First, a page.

BY LAURA GREGORINI
Michael Dagostino left his teaching job at St. Charles College about four years to pursue acting and is making a living at it in Sudbury, something that would have been impossible just a few years ago.
The film and television industry has certainly exploded in the region in the last few years thanks to a number of factors. Government funding is luring big budget productions such as The Truth to Sudbury while brilliant films featuring local talent are being shot here.
“It was a huge leap, jumping from something comfortable into the unknown,” said Dagostino, who also played semi-professional football in Germany.
Dagostino is typed-cast as the “tough guy” but he doesn’t mind, it’s lead to some great acting gigs.
At first most of his work was based in Toronto but now he’s finding more opportunity in Sudbury. Dagostino had a role in the film High Chicago, was a body double for Andy Garcia in The Truth. and worked on the television series Hard Rock Medical, all filmed in Sudbury.
Meanwhile, on the production side of filmmaking, David Anselmo and Pierre Bonhomme‘s Northern Ontario Film Studio was a hub of activity this fall with work on the television series Dark Rising and the Hallmark Channel movie Be My Valentine starring Billy Baldwin.
The business partners teamed up with Cinefest and Collège Boréal to train people to work in the television and film industry.
Boréal students will have the opportunity to work at the film studios, located at the former Barry Downe Arena, and take courses to develop technical skills.
But filmmaking is a team effort. While colleges typically train professionals to work in the technical aspect of filmmaking, universities train the directors and producers who turn an idea into a movie.
Next September Thorneloe University will launch a Bachelor of Fine Arts (BFA) degree with a major in Motion Picture Arts. Currently, students can take a minor in filmmaking but the major is something professor and filmmaker Benjamin Paquette has been working diligently on for years. Paquette said the new program couldn’t come at a better time. The film industry in the north is booming. Motion Picture Arts is the only program available of its kind north of Toronto. Paquette is also working on articulation agreements with northern colleges, including Cambrian College, to offer the same opportunity to students outside the university.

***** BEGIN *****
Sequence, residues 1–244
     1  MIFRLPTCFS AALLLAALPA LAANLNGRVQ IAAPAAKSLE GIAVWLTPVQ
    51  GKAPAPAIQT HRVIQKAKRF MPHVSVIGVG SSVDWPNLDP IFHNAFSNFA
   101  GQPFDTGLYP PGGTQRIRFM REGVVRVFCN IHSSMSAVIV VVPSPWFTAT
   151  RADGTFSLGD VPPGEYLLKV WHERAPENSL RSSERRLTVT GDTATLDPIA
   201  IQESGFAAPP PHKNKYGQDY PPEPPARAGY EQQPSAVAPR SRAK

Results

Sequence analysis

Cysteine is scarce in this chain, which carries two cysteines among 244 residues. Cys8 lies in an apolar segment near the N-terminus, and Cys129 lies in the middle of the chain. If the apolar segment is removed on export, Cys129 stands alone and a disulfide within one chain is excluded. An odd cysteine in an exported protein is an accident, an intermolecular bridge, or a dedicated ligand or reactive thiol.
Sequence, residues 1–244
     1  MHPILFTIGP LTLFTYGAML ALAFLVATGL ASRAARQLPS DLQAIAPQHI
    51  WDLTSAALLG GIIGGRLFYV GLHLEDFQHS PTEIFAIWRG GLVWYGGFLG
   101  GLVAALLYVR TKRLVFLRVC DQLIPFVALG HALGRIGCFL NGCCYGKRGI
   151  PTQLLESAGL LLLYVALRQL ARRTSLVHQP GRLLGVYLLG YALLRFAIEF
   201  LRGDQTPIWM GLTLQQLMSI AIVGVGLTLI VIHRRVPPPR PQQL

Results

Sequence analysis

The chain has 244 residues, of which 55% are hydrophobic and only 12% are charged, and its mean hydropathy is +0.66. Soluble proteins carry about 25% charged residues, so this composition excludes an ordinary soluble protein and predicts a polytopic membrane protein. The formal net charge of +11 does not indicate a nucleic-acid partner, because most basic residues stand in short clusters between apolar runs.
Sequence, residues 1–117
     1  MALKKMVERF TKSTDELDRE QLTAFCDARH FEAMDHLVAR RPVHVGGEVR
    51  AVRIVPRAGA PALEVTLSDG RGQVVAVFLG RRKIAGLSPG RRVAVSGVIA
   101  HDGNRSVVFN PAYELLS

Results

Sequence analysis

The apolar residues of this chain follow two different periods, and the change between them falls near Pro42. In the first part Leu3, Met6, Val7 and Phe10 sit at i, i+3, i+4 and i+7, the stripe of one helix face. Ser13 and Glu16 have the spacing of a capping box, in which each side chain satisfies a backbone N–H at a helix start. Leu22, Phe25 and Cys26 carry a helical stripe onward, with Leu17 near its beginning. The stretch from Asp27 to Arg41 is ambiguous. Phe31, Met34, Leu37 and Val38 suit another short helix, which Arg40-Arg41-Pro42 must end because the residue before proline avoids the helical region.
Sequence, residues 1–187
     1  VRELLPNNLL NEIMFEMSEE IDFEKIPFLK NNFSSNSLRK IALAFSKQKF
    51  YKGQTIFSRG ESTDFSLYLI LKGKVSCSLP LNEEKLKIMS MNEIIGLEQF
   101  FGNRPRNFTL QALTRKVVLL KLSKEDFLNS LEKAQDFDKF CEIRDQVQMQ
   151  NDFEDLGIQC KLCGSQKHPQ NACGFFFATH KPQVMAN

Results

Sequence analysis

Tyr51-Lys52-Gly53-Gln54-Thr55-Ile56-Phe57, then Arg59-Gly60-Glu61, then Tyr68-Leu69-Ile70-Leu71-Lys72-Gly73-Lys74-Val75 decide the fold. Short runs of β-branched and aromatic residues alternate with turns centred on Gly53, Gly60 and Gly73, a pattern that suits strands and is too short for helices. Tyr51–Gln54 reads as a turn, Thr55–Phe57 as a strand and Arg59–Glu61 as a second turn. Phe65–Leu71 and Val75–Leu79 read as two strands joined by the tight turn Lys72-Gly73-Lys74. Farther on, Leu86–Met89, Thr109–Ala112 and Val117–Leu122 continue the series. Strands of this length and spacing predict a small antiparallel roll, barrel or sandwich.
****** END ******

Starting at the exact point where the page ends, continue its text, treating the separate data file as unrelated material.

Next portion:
The aim of the city’s colleges and university is to create a self-sustaining film industry.
“We can do this in the north, all by ourselves,” agreed local filmmaker Darlene Naponse.
Naponse shot her last feature film, Every Emotion Costs, entirely in Whitefish Lake First Nation. The film travelled across North America in the film festival circuit, including a screening at Cinefest Sudbury.
The drama stars the country’s top aboriginal actors Gemini award winner Michelle St John and Tantoo Cardinal. About 75 percent of her film crew came live in Northern Ontario.
“We’re proud of the film,” said Naponse.” It was really a northern film, from cast to crew, to producing to locations.”
“We found it all here. We have the talent here and we don’t have to go outside for it.”
Over the last two years, the Northern Ontario Heritage Fund has invested almost $5 million for film and television production in Sudbury. The Greater Sudbury Development Corporation has a film support fund that helps offset some of the filmmakers’ costs. To be eligible for funding, the producers must show a direct economic impact on the city’s economy.
What’s the buzz?
Northern Ontario Film Studios, established by David Anselmo and Pierre Bonhomme in the former Barry Downe Arena will allow filmmaking to become a year-round venture in Sudbury, as it offers production space, equipment and a training ground for people in the film industry to hone their craft.
Anselmo says, “The opportunity presented itself where a film needed a home to shoot out of and we thought,‘What a great idea to have a film come up here, use our facility and allow us to iron out the kinks of a 40-year-old building’.”
The Northern Ontario film industry has been able to attract film productions largely because of regional funding incentives, but the area’s unique qualities also make it an enticing location.
“We’ve got this beautiful wilderness, but then we also have this really gritty, urban industrial stuff that they love, and it’s very cinematic,”Bonhomme said. “So you can actually shoot Northern Ontario as many, many places.”
The benefits of the film industry are significant, said Anselmo. Every $1 million spent in the community results in 25 full-time spinoff jobs, and it employs a significant number of young people, keeping them in the north.
“The film industry really makes an impact on a community it shoots in,” Anselmo said. “Studies have shown that for every dollar spent in a community, we see an economic multiplier of three times. And it touches all facets of the community, from catering and food to hotels to car rentals to building supplies.”
Barry Downe Arena is a temporary location for the studio; Anselmo and Bonhomme are hunting for land to build a brand-new sound stage. In the meantime, they will welcome production crews through its doors as long as they need the space.
Source: Northern Ontario Business